Again, the Eden Diodati website is an excellent example. This website is first and foremost visually inspiring, representative of the expectations of the luxury shopper, and also user-friendly, easy to navigate and intuitive. Not only beautiful with astute attention to the details, the website also communicates the brand’s sustainability mission and initiatives in a way that is catchy, captivating and digestible. It’s online shopping portal is particularly outstanding – the products are presented beautifully with a clear representation of fit and colour.

The Eden Diodati website was created by Moda Commerce, a digital agency that specialises in fashion e-commerce and works with a number of sustainable fashion businesses. The company is about to launch the website of East London-based multi-brand shop, 69b, which like Eden Diodati is also a member of the Fellowship 500. In addition to these sites, Moda Commerce is also responsible for designing websites for Mary Portas, Seaspray Nardis Beach.

Christopher Raeburn, a previous EFF Innovation Award winner, represents another example of how website design can really fuel brand success. The website is consistent with his brand image, from the font right through to the images. And this is not a complicated website either, which shows that even simple websites with a smaller budget can be both beautiful and effective.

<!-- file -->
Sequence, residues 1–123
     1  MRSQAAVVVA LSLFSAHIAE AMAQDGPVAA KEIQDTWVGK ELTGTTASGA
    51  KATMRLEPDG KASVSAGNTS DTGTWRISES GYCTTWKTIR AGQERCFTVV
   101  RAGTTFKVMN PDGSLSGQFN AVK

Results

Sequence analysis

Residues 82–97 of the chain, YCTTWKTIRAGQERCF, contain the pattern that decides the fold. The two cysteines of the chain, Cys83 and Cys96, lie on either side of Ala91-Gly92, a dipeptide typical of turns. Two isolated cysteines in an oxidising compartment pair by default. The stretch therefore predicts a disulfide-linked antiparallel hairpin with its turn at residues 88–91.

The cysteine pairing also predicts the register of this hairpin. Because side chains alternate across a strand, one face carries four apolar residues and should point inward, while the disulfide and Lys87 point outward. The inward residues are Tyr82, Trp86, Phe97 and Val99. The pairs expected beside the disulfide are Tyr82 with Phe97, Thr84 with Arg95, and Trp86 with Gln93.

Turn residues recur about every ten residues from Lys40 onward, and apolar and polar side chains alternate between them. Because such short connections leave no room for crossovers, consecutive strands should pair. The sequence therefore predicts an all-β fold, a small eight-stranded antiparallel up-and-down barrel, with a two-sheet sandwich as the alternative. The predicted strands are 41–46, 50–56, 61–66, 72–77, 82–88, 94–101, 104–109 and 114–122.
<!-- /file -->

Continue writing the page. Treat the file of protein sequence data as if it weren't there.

Making sustainability fun

A key trend in online marketing at the moment is gaming and apps. Timberland is tapping into this desire for interactive media with it Earth Keepers Virtual Forest app. As with many types of social media, this app sends an important message and brand communication but in a fun way that young people will want to engage with. The user can create a forest, invite friends to join and plant virtual trees. For every tree you planted in the virtual forest, the user will be helping Timberland plant a real tree in Haiti. Timberland has also recently added a games section to their website with Games including Green Guide to Dating and Love and Get Your Hortiscope (tree personality!) This is a fun marketing tactic that even luxury brands with a quirky aesthetic could adapt and use.